[Viewpoint] A chance not to waste

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[Viewpoint] A chance not to waste

How should used fuel from nuclear power plants be managed?

This is an urgent problem for all countries operating nuclear power plants.

Fuel used for atomic power development demands thorough safety management.

This is because it changes to a highly radioactive substance as it goes through the process of heat energy production through nuclear fission within the nuclear reactor.

Disposal requires efforts in diverse fields such as long-term technological development, safety verification and securing plots for constructing waste facilities.

Due to such high requirements, there is no country in the world that yet operates a disposal site for used nuclear fuel. Only Finland and Sweden currently have lots prepared for disposal sites, which they plan to start up in about 2020.

Most other countries are in the process of developing the necessary technology or securing parcels of land.

The whole issue is very sensitive in terms of international diplomacy. Reprocessing used nuclear fuel comes with the risk of energy resources that can be used as power plant fuel and facilities and technology related to reprocessing being diverted to military use.

Furthermore, countries need to find out whether or not reprocessing used nuclear fuel has economic value for their people and whether large-scale facilities and technology are needed to reprocess the used nuclear fuel.

Aside from a few countries that have already established policies, including Britain, France and Japan, other countries are still repeatedly discussing how used nuclear fuel should be managed because of the specific characteristics of the fuel.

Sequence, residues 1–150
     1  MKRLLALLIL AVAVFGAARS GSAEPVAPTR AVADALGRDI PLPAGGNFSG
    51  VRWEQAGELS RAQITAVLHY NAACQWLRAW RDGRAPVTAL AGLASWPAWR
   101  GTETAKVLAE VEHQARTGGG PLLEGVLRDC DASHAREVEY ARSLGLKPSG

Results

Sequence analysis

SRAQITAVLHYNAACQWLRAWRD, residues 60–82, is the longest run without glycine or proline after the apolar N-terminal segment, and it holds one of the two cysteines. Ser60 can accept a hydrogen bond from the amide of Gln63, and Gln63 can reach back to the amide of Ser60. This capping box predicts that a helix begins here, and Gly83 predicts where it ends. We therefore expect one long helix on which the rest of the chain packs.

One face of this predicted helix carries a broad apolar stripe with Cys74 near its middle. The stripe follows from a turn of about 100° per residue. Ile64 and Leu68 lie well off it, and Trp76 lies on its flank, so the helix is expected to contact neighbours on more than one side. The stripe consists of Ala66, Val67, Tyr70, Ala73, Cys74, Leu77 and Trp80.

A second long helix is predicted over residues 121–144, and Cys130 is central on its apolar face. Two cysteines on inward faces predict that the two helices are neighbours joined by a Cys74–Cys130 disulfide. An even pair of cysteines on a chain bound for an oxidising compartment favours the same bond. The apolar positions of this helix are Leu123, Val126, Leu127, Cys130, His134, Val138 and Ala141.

Korea does not have a national policy on the issue, either.

According to scholars of decision making, there are two main approaches. First, experts should make the decision when a situation requires proper awareness and an accurate prediction of the future. Leaving such problems totally up to the general public is a form of populism, and ultimately causes damage within society.

The other method of decision making demands an understanding of the losses and gains of those involved, together with emotional understanding. It is connected to the level of receptivity that the decision involves.

It can be said that the great beef-related stir in the summer of 2008 was caused because the receptivity of the public was not sufficiently considered.

The management of used nuclear fuel is a highly technological and expert field. Therefore, the matter of which decision-making method will be used should be carefully thought through. In this respect, the recent move of the government to first of all pursue expert services as a means to providing a solution can be seen as a good approach. The used nuclear fuel problem is one that experts of the field should put their heads together to solve. Securing the receptivity of those involved should be solved next, based on expert review results.

If the problem approaches the public without a process of expert review, there is a high chance it will lead to unnecessary debate and conflicts rather than solve the problem.

Korea ranks sixth in the world for nuclear power generation so it is important that we can provide a scientific and rational process and methodology for solving this issue.

We need a detailed review of all aspects of the problem, including technological and economic area, and the feasibility of any method.

We also need to look at the international diplomacy angle and ultimately provide an optimal solution that can raise our status in nuclear power technology.

*The writer is director of the Korea Radioactive Waste Management Corporation.
Translation by the JoongAng Daily staff.

by Yoon Ho-taek
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